Tuesday, December 30, 2008


Any American living in Asia ought to know how to make jambalaya. Jambalaya is all about throwing in whatever you have on hand, and as long as you get the seasonings right, it will still taste good. It can be made with as little as just onion, garlic, and seasonings (plus the rice and butter or oil of course), or it can be made with all three kinds of meat, and with whatever additional veggies (e.g. zucchini) you need to use up. Of course, the more extras you put in it, the more satisfying and nutritious it will be.

1 small onion or 2 - 3 green onions
2 – 5 garlic cloves (or subst. 1/4 t garlic powder later)
1 red or green bell pepper (or 3 – 6 cabe hijau, or any favorite pepper you have on hand)
2 – 4 T butter or margerine
1 cup uncooked rice
1 15-oz. can stewed tomatos, with the juice (or 1 - 3 small tomatos, diced; or 1 - 4 T tomato paste)
1 – 2 cups water
1 or 2 chicken boullion flavor cubes, or 1 t aginomoto (optional)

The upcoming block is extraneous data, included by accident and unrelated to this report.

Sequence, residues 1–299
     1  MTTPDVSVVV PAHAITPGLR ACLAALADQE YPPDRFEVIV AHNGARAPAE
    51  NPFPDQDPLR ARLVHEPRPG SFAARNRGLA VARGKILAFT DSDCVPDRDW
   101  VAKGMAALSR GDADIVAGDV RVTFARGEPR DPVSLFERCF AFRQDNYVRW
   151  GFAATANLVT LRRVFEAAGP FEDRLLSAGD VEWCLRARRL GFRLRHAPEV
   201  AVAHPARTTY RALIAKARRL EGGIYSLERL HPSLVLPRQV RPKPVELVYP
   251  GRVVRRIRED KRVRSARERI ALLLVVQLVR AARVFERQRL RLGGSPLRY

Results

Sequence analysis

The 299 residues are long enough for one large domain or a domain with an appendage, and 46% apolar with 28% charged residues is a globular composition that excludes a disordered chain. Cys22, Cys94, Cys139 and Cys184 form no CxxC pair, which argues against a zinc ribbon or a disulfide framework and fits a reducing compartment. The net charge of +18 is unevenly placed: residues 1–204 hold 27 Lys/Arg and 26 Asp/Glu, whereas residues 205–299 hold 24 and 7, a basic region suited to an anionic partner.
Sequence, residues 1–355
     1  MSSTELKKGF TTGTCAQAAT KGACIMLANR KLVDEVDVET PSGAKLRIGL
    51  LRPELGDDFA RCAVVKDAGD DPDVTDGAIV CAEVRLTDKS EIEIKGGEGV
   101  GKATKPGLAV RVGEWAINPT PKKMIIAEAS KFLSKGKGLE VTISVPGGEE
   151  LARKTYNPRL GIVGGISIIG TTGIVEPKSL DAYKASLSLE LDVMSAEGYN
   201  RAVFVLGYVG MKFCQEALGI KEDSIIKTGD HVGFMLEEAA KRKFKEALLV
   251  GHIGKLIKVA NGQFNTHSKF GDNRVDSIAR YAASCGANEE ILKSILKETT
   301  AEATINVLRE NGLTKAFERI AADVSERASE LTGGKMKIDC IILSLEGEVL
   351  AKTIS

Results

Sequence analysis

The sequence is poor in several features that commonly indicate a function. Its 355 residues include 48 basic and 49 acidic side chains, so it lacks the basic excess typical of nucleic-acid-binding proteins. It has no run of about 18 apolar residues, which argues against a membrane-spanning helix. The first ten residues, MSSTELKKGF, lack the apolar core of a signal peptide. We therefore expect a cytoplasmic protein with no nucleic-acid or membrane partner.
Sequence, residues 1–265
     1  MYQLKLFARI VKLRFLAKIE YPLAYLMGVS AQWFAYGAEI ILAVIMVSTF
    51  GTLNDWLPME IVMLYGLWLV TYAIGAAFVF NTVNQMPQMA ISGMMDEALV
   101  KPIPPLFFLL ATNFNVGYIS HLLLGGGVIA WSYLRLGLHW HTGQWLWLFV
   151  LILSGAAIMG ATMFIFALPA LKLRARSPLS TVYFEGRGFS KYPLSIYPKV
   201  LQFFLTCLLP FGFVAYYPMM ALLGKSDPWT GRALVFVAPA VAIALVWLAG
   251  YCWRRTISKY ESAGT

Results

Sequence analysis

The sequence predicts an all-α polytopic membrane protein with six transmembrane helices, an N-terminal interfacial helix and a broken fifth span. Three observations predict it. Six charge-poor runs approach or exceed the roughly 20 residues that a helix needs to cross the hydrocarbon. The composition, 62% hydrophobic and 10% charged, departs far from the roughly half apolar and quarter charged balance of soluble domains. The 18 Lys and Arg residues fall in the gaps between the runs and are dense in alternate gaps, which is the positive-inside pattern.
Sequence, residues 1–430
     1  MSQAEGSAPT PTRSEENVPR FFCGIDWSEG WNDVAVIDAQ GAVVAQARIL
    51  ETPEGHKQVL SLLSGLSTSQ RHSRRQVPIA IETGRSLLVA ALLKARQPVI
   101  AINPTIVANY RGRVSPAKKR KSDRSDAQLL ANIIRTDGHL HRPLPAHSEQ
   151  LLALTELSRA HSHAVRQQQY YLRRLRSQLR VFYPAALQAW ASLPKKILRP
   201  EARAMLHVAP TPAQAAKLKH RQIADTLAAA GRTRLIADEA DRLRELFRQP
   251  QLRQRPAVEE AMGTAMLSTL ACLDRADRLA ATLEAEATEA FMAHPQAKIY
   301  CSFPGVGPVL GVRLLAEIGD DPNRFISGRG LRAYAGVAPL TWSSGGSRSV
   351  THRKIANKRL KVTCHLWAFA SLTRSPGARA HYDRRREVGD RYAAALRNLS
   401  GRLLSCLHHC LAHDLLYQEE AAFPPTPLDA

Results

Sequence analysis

¼ teaspoon pepper
1/8 – ¼ t bottled hot sauce, such as Tabasco, or a dash of ground red pepper (or use hotter peppers in place of the bell pepper)
1 t dry basil
1 bay leaf (optional)
1 cup cooked cubed chicken, sausage, or shrimp (optional)

Chop up the onion, garlic, and pepper, and fry in butter, in a large saucepan or in a large frying pan with a tight-fitting lid, until tender but not brown.
Add the uncooked rice; mix and fry briefly.
Add the stewed tomatos, seasonings, and 1 cup water (2 cups if not using canned stewed tomatos). Stir the ingredients together, breaking up the boullion cube and cutting the stewed tomatos into bite-sized pieces with the spoon as you do so. Cover; bring to the boil, then turn down the heat, leaving the mixture covered, and simmer until the rice has cooked fully, about 20 to 25 minutes. Depending on how much water you use, the rice may resemble a porridge. You can experiment with this until you get it to a dryness you like.
When the rice is done, stir in the chicken, sausage or shrimp and heat through. You may add the chicken or shrimp along with the other ingredients before cooking, but if you do this with the sausage, the fat will pop out of the meat during the cooking process and you will not want to eat it.

Serve hot, alone or with any combination of the following garnishes: grated cheese; sour cream or plain yoghurt; hot sauce; lemon or lime juice; cilantro. Also good with corn bread, if you have it. Serves 2.


Rachael said...

I love this jumbalaya! You are a fantastic chef Jen!

Jen said...

aw thanks Rach!